Exercise: the cannon ball experiment (step 1.9)
This exercise is about finding the magnitude of the velocity that is necessary to put a cannonball in orbital motion around the Earth, at an altitude equal to h. To that effect, a cannonball is fired from a height h above the ground at a velocity v° parallel to the ground.
A few assumptions are made:
- The Earth is a perfect sphere of radius R = 6370 km.
- The ball is in free fall (the only external force acting on the ball is its weight).
- The gravitational field has a constant magnitude g and is pointing towards the center of the Earth.
The motion of the ball for small duration Δt is a combination of (see Figure):
- A horizontal motion of magnitude X.
- A vertical motion of magnitude Y.
1°/ a) Show that X = v° × Δt.
b) Show that X = (R+h) × sin(α)
c) Use the previous answers to write v° in terms of R, h, α, and Δt.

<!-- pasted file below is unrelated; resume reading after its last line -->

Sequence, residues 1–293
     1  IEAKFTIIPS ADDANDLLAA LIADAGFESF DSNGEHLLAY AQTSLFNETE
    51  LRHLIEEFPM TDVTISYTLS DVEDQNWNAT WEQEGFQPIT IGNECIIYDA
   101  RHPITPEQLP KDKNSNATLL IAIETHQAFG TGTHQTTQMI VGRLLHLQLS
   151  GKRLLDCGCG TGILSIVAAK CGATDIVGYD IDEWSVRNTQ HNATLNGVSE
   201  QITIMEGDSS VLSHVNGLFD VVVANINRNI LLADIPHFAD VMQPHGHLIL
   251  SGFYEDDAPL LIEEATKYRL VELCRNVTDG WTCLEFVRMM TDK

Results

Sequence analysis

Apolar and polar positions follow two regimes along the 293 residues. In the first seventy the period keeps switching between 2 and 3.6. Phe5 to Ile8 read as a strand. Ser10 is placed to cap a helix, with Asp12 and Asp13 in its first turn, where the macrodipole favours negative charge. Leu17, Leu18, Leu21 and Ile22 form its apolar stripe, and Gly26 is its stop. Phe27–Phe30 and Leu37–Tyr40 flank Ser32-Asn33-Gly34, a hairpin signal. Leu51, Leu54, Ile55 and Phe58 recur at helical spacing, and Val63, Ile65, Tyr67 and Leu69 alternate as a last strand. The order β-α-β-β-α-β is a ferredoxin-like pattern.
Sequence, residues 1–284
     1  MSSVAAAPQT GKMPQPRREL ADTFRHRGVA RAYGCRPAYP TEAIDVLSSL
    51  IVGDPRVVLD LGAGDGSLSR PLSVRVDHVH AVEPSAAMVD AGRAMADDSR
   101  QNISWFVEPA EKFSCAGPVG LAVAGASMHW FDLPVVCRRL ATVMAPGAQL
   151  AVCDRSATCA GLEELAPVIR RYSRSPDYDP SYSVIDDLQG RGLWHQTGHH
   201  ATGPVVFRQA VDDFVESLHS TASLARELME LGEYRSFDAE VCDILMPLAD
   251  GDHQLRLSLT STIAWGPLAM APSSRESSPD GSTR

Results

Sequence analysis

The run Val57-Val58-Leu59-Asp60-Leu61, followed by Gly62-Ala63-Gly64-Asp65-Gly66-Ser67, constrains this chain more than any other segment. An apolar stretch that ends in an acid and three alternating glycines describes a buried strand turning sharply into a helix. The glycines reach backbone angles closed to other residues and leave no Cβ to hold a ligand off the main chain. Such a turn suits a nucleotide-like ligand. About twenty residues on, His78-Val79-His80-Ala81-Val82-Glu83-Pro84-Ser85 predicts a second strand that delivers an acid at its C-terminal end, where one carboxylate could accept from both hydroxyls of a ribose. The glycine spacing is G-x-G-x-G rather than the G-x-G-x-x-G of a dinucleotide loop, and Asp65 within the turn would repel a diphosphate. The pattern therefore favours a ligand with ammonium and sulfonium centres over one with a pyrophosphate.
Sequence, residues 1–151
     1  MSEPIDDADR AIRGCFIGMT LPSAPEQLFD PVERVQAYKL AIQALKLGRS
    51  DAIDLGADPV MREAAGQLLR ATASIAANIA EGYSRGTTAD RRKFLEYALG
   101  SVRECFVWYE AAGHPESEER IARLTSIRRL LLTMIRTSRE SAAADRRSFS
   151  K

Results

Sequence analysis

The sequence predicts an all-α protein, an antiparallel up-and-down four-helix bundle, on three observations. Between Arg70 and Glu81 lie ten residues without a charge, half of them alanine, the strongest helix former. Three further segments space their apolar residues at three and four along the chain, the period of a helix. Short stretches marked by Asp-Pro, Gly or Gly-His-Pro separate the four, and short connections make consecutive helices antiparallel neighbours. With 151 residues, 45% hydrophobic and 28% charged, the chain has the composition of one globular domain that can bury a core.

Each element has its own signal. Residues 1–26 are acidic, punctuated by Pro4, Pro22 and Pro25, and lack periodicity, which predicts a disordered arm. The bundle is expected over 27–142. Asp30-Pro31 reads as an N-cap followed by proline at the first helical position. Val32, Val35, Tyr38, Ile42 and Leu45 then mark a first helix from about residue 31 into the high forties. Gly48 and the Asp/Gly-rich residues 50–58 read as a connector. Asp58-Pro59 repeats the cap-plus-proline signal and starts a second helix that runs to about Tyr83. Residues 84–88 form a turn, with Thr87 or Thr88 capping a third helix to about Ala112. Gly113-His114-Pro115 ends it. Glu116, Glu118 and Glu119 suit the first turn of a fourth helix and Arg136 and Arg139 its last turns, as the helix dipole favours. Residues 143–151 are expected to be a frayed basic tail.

2°/ a) Show that after Δt, the ball will only remain at the same height above the ground if the following condition is met:
(R + h) × cos (α) + Y = R + h.
b) Use the second law of Newton to show that Y = ½ g (Δt)2.
c) Use the previous answers to write cos(α) in terms of R, h, g, and Δt.
If Δt is not too big (less than one minute), the distance travelled is very small compared to the circumference of the Earth. Therefore, we can assume that the angle α is very small relative to 1, in which case a very good approximation is: cos(α) = 1 – α2/2 and sin(α) = α.
3°/ Show that α² = g Δt² / (R + h).
4°/ a) Use the answers to 1) and 3) to show that vº = √[g(R+h)].
b) Deduce that, as long as h is much smaller than the Earth radius, v° depends only on g and the Earth radius R, and compute v° using g = 9.8m.s-2 .
5°/ Compare the value you found to the one mentioned in the video.